There’s more than one way to interpret a piece of music without betraying a composer’s original intent. The same can be said for the art behind translating literature. When a writer takes pen to paper those words encompass culture, meaning and tone.
The translator, in turn, has to protect the integrity of the original work while exposing readers to the rich history and experiences of other countries and time periods.
Award-winning literary translator Madeline G. Levine, has made the study of Polish literature and the Jewish experience in Poland and Russia her life’s work.
She will present “A Distorting Mirror: English Translations and the Face of Polish Literature,” at 6:30 p.m. Thursday, in G21 Ming Hsieh Hall on the West Virginia University downtown campus. This event, which is co-sponsored by the Eberly College of Arts and Sciences and the Slavic and East European Studies Program, is free and open to the public.
Levine’s talk will explore how available English translations and the choices made by translators and publishershave shaped Americans’ perceptions of Polish literature.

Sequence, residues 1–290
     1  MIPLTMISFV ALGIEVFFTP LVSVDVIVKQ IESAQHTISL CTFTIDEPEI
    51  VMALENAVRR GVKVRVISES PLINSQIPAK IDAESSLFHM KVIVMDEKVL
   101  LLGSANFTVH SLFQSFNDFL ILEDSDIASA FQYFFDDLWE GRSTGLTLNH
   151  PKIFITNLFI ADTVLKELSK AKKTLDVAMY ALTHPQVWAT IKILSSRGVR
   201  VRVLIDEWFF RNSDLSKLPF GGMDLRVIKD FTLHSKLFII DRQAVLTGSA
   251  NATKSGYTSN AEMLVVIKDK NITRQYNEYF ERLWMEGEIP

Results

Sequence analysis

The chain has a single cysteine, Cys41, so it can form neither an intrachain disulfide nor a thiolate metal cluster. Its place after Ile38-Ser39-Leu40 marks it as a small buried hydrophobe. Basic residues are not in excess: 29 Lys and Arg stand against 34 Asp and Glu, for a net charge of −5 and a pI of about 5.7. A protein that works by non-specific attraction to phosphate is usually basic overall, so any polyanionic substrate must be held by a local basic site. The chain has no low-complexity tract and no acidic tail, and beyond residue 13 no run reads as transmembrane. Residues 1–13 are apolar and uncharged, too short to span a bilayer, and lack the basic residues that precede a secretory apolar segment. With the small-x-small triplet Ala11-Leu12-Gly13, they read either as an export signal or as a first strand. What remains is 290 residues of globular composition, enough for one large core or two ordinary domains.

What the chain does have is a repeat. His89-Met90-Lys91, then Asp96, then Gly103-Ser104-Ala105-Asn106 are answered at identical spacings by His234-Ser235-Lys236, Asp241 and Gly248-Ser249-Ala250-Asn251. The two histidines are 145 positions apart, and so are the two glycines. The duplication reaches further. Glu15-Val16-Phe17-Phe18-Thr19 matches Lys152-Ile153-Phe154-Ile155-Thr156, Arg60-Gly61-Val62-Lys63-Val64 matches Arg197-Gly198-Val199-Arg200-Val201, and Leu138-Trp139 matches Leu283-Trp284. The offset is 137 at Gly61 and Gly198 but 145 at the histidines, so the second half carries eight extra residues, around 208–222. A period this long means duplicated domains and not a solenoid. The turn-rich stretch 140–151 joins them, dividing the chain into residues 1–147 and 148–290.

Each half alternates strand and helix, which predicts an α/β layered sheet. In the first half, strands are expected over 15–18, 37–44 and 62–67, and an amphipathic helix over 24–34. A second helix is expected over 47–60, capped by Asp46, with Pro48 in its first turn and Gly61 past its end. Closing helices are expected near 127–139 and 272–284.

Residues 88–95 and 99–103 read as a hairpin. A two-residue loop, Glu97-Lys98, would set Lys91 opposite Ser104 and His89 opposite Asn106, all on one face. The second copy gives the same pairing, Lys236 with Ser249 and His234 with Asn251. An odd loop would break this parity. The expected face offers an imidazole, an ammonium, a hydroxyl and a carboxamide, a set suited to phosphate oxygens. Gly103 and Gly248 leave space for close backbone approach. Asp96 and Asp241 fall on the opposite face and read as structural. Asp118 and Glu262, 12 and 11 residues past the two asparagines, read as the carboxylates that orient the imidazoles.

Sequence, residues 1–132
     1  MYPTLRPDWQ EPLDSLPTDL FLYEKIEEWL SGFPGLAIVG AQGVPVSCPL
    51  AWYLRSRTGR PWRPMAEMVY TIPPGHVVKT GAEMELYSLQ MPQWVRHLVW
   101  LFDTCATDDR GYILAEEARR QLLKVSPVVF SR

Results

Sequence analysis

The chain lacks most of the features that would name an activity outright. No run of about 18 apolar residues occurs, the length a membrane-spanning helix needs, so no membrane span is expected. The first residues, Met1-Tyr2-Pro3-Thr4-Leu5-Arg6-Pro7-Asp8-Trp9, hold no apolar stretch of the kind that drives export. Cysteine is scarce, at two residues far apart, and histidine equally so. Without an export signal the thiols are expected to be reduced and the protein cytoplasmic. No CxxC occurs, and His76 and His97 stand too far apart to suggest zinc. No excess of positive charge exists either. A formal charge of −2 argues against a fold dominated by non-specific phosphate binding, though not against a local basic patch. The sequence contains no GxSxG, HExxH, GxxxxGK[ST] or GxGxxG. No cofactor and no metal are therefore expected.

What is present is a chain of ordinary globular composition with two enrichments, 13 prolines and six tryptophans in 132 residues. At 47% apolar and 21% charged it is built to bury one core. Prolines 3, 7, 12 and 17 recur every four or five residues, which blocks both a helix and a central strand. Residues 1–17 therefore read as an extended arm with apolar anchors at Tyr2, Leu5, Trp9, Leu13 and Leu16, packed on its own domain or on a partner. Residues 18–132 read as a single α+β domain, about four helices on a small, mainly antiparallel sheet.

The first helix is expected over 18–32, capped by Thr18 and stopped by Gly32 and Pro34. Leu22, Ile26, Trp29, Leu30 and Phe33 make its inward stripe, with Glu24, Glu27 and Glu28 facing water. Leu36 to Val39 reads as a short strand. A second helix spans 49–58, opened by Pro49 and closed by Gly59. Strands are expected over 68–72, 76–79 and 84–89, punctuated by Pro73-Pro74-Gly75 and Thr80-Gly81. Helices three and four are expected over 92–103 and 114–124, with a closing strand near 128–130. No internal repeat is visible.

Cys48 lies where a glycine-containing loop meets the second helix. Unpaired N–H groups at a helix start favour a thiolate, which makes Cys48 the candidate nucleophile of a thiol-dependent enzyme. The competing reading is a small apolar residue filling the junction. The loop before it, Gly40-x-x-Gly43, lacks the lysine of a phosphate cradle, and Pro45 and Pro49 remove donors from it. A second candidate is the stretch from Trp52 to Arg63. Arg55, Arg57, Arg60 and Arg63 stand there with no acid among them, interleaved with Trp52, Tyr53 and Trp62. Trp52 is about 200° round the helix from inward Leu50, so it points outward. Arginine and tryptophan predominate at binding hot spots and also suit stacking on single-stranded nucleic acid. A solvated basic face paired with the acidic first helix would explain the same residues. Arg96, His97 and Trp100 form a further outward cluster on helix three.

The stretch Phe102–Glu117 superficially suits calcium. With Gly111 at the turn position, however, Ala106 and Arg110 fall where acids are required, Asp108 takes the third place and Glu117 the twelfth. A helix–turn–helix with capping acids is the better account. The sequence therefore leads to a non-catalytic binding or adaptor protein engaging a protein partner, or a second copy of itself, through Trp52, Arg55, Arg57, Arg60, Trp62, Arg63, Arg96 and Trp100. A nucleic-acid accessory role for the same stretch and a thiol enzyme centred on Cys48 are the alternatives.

“A translated work also has the ability to transport us to another world, just as we can be transported back in time by reading an English novel from the 18th or 19th centuries,” she said.
“It’s like traveling to another country and, sometimes, being thrown off kilter for a while so that you return to your own comfort zone with new eyes, new sensibilities.”
Levine, who also is professor emerita of Slavic languages at the University of North Carolina at Chapel Hill, will discuss the copyright and political challenges she faced during her work on a new translation of “This Way for the Gas, Ladies and Gentlemen,” by Tadeusz Borowski.
Originally published in Poland after WWII, Borowski recounts his personal experiences surviving the harsh and inhumane conditions of the Auschwitz and Dachau concentration camps in a collection of short stories.
“The last thing the reader of a translated work should worry about is whether you’re missing something by not having access to the original,” Levine said. “After all, without the translation you would be missing everything.”
Levine has taught courses on modern Russian and Polish literature, comparative East European literature and literary translation. Her interest in the Jewish experience in Poland and Russia, especially as it has been represented in fiction and poetry by Jewish and non-Jewish authors writing, is reflected in both her teaching and her publications.
For more information, contact Lisa DiBartolomeo, at 304-293-8309 or Lisa.DiBartolomeo@mail.wvu.edu